Update: The EU's now discussing making easy smartphone battery replacements a legal requirement too.
The European Union passed legislation for universal USB-C charging in October this year but had not set a specific date for when the law would come into effect. Now, the EU has set an official deadline for when all phones will have to be sold only with USB-C — December 28th, 2024.
One of the most pertinent rumors around the iPhone 15 series is that the iPhone 15 will be the first Apple phone to get USB-C charging, moving away from years of the Lightning port. According to the deadline set by the EU now, it seems like Apple may not have to make the switch that soon.
The December 2024 deadline indicates that phones sold after that date need to have a USB-C port, which means that if Apple launched the iPhone 16 in September that year it could technically still have a Lightning port. It won’t be until the iPhone 17 (that could be launched in 2025) that Apple would mandatorily have to switch its charging ports.
iPhone 15 should be first with USB-C
Apple introduced the Lightning port back in 2012 with the iPhone 5. After ten years with this technology, and multiple devices that people use on a daily basis, users are looking forward to streamlining their charging cables with USB-C and saving some money on this front as well.
These days the vast majority of smartphones do come with USB-C charging and Apple is the only non-conformist amongst major phone manufacturers.
The USB-C port spells good news in more ways than one for users. It is much faster than Lightning. The Lightning port supports USB 2.0 with a data transfer speed of 480Mbps, while USB-C supports USB 3.0 and can transfer data faster at 640Mbps.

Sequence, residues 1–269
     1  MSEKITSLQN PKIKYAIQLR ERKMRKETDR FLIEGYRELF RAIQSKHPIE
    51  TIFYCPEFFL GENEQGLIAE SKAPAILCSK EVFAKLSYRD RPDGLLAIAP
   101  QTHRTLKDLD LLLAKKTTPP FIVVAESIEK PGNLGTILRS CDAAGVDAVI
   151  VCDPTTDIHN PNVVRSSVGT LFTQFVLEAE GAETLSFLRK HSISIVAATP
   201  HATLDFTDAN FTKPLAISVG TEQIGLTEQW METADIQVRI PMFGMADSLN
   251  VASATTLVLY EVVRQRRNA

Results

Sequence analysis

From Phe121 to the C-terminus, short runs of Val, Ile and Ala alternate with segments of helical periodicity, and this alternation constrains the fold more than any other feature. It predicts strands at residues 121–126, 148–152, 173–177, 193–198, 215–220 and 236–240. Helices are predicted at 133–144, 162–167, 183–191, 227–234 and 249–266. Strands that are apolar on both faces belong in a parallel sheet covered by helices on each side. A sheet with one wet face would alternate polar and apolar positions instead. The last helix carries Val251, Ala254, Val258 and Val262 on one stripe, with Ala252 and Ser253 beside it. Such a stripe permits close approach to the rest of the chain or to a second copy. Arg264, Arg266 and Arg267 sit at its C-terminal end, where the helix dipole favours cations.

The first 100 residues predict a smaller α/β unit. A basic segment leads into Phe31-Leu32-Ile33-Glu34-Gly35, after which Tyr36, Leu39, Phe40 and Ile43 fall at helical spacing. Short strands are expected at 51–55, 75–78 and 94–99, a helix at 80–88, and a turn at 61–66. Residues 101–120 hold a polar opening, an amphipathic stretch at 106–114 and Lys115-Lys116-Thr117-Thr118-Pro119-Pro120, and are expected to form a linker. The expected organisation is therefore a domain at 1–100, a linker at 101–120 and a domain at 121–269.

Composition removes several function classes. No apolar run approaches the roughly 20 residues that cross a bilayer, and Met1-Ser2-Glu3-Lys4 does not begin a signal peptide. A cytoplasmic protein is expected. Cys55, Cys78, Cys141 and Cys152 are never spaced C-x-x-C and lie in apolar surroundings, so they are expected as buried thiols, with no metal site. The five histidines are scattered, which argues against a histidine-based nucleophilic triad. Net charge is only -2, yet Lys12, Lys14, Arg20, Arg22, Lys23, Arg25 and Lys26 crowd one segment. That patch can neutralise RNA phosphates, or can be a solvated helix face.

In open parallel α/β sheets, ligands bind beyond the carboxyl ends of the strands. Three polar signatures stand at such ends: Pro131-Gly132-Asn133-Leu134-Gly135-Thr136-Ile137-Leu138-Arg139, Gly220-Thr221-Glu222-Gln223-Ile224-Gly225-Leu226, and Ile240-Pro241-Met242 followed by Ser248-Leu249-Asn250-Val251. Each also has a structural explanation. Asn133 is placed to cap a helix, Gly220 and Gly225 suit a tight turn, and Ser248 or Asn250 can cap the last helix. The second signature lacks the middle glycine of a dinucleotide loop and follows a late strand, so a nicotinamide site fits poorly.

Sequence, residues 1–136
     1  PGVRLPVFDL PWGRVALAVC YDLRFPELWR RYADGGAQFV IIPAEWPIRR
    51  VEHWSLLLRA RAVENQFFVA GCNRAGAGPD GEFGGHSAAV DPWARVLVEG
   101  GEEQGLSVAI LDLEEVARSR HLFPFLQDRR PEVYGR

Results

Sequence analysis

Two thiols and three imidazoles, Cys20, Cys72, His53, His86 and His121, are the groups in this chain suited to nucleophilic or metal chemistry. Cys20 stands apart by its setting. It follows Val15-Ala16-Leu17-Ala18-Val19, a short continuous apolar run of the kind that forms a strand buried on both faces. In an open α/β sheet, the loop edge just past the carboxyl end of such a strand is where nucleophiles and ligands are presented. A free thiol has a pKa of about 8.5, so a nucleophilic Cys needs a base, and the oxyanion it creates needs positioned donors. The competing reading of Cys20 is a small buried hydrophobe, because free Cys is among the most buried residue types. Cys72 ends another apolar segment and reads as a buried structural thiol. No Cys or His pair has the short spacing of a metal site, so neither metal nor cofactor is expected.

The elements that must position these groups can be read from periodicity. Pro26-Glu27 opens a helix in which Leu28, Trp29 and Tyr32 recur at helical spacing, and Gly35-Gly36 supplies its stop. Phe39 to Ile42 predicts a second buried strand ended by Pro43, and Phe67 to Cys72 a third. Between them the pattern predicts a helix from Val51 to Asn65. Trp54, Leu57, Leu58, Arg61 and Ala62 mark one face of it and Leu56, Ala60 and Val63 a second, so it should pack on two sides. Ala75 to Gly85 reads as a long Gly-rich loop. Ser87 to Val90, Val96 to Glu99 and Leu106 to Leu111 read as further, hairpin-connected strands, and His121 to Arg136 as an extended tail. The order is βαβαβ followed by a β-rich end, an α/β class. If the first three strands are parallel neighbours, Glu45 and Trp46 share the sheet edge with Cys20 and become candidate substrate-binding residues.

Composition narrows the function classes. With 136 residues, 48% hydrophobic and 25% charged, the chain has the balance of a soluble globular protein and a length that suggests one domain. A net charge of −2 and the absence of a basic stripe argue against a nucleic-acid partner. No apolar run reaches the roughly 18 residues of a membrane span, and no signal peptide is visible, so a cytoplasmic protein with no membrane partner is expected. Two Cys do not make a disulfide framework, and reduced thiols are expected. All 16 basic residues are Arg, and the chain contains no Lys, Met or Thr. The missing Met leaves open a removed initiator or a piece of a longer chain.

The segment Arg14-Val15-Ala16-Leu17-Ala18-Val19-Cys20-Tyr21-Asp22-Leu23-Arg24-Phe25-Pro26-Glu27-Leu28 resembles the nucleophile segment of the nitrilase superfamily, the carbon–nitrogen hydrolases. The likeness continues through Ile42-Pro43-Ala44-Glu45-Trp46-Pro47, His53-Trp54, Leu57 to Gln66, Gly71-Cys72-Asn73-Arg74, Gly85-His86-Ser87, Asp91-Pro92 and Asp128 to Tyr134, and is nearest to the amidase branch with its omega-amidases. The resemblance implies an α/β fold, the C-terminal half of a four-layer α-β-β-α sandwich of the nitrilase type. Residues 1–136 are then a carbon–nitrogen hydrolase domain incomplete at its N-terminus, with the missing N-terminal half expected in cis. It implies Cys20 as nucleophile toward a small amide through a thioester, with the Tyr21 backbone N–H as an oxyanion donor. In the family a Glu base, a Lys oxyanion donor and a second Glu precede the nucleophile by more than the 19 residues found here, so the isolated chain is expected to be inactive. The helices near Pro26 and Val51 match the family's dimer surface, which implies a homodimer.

Of course, the EU mandate affects iPhones only within its jurisdiction but it is unlikely that Apple will develop two phones in tandem with different charging needs for various regions. Which is why the EU ruling should affect iPhones globally.
Apple recently confirmed that it would make the move to USB-C. The company believes that mandating a switch from Lightning to USB-C will actually create more e-waste than it prevents because of the number of chargers users will have to throw out and replace. That could be taken with a pinch of salt, though, as people will no longer have to buy a Lightning cable, which might hurt Apple’s wallet. Meanwhile, iPhone owners will be able to use the same USB-C cable for multiple devices.
We could see USB-C on iPhones much sooner than the 2024 deadline set by the EU. In fact, analyst Ming-Chi Kuo has said that we could expect to see USB-C on all four rumored iPhone 15 models but with a differentiation of charging speeds within the series. The iPhone 15 Pro and iPhone 15 Pro Max (possibly named iPhone 15 Ultra instead) could have USB-C ports capable of high-speed data transfer, likely using the USB 3.2 or Thunderbolt 3 standard, while the iPhone 15 and iPhone 15 Plus could still use the same USB 2.0 speed that the Lightning charger currently comes with.